Data Provide Insight to Improve Adolescents' Health

Content From: Jonathan Mermin, M.D., M.P.H., RADM and Assistant Surgeon General, USPHS, Director, National Center for HIV/AIDS, Viral Hepatitis, STD, and TB Prevention, Centers for Disease Control and PreventionPublished: November 05, 20154 min read


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Young adults face the highest rates of sexually transmitted diseases (STDs) in the United States. Here are the eye-opening facts:
  • As compared to other groups, women aged 15 to 24 experience a disproportionate number of chlamydia and gonorrhea infections - many of which go undiagnosed. Left untreated, these infections can lead to serious consequences, including infertility. Every year more than 24,000 women in the US become infertile because of an STD many did not know they had.
  • One in four new HIV infections are in people aged 13 to 24. Yet, only 22 percent of sexually experienced high school students have ever been tested for HIV.
These facts demonstrate that young people need help navigating the path through a healthy adolescence. This is why preventing STDs and HIV among young people - as well as the risky behaviors that lead to them - is a top priority for CDC. But we can't stop what we don't understand.

That's why CDC reaches out to young people to collect vital information on their sexual health risks. In addition to tracking the occurrence of HIV and other STDs at national and state levels, we work with health and education agencies across the country to provide the biennial Youth Risk Behavior Survey (YRBS).
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For more than 20 years, the YRBS has provided an assessment of the health risks of our nation's high-school youth, collecting data from more than 2.6 million students over the years. In the spring of every odd-numbered year, anonymous surveys are distributed to students in a nationally representative sample of US public and private high schools. To ensure that the data are available to everyone involved in helping American youth stay healthy and safe, the results are published in the CDC's Morbidity and Mortality Weekly Report (MMWR) as well as on the YRBS website. Besides giving insight into risk behaviors associated with STDs, HIV, and unintended pregnancies, the YRBS includes data on violence, alcohol and other drug use, unhealthy dietary behaviors, and inadequate physical activity.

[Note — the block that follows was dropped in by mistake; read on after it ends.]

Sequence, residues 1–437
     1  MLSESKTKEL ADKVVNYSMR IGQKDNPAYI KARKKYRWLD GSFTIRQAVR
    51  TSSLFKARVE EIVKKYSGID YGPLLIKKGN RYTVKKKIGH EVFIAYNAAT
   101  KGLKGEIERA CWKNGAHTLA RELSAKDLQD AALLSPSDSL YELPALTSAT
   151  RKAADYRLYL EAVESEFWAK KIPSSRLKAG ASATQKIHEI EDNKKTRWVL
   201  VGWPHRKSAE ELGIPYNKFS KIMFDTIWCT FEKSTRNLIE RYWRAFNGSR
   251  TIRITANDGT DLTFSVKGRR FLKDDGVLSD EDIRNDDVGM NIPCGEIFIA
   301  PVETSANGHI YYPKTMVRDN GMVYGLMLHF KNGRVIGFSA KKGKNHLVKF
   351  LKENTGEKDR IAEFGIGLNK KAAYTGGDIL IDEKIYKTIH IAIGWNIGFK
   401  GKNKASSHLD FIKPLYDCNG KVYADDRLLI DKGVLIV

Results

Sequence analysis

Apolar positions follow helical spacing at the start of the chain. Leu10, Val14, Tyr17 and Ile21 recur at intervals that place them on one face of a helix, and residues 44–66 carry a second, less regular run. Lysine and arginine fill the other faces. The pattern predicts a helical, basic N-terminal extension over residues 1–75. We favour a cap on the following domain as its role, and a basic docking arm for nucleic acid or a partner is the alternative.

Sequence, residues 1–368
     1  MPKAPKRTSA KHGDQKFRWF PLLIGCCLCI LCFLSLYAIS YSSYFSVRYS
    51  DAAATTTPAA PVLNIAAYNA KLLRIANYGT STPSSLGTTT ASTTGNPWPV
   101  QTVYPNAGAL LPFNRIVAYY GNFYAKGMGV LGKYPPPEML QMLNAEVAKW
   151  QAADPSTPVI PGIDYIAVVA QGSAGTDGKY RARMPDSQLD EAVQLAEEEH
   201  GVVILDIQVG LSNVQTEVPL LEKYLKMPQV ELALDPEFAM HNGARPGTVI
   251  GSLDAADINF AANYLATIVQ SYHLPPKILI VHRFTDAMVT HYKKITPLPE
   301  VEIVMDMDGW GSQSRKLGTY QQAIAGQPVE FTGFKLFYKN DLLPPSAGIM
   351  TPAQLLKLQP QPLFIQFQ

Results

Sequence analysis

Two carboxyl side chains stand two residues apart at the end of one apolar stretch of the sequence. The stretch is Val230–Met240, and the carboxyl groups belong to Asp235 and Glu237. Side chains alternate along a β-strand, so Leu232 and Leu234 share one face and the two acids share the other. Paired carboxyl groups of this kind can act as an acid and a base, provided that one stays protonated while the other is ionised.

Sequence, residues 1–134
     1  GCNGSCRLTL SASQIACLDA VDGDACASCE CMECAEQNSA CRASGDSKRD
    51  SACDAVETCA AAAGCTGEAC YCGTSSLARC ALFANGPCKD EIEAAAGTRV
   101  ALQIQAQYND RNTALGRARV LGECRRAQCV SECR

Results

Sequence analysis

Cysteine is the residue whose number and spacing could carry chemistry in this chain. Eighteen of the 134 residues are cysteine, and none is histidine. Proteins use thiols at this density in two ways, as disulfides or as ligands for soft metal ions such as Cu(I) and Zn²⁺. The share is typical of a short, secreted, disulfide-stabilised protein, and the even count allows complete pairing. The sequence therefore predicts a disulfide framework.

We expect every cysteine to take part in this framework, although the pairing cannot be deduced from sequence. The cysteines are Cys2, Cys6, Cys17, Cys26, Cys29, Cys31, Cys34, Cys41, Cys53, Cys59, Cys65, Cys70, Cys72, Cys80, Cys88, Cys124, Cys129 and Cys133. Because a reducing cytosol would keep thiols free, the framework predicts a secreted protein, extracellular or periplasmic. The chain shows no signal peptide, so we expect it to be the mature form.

These results help parents, teachers, and other trusted adults better understand the challenges young people face and the issues for which they need guidance. For example, the 2013 YRBS survey data reported:
  • Almost half (47 percent) of high school students have had sexual intercourse.
  • One in five (22 percent) students drank alcohol or used drugs before last sexual intercourse.
  • One in seven (15 percent) students have had sexual intercourse with four or more people during their lifetime.
  • Four in ten (41 percent) students who had sexual intercourse in the previous three months did not use a condom the last time they had sex.
With a substantial proportion of American youth already sexually active, these data clearly speak to the need to reach them with clear, accurate information about HIV and STD testing and prevention.

Data from the YRBS are a valuable tool for helping parents, communities, health care providers, and schools take action to protect the health of our youth. Local school leaders can invest in programs tailored to their students' needs -- for exampleExit Disclaimer, by using these data, decision-makers can identify opportunities for student and teacher education and set priorities for improving health. CDC uses the data to guide communities in implementing and evaluating programs to reduce risk behaviors. The YRBS data also help federal, state, and local governments identify broader public health needs and track progress in meeting health goals. In addition, schools and community-based organizations use the information to develop new initiatives that help young people stay healthy. These efforts to monitor and reduce risks are essential to keeping youth out of harm's way.

CDC does more than provide data. It takes an active role in protecting the sexual health of youth by encouraging health care providers to address risk behaviors with their patients and improve STD screening and treatment as appropriate. CDC also builds partnerships with educators and community-based organizations to reach young people with the education, testing, and prevention services they need. At CDC, we use evidence-based approaches to connect youth to services tailored to their needs and information that helps them stay healthy. StreetConnect, for example, helps homeless youth - many of whom have mobile devices - connect to health clinics and shelters via a mobile app. Another program, Smart Connect, helps teens connect to teen-friendly health providers.

We all have a role to play in helping to protect the sexual health of our young people - youth can be more aware of the risks they face, and parents and schools can get the information they need to stay safe. Community organizations can reach at-risk youth and help connect them to prevention programs. Health care providers can offer STD screening so that young people who are infected get the care and treatment needed to minimize effects on their health.

To improve the health of the next generation of American teens, we must take full advantage of the data at our disposal today.

To find out more, visit CDC's Youth Online page.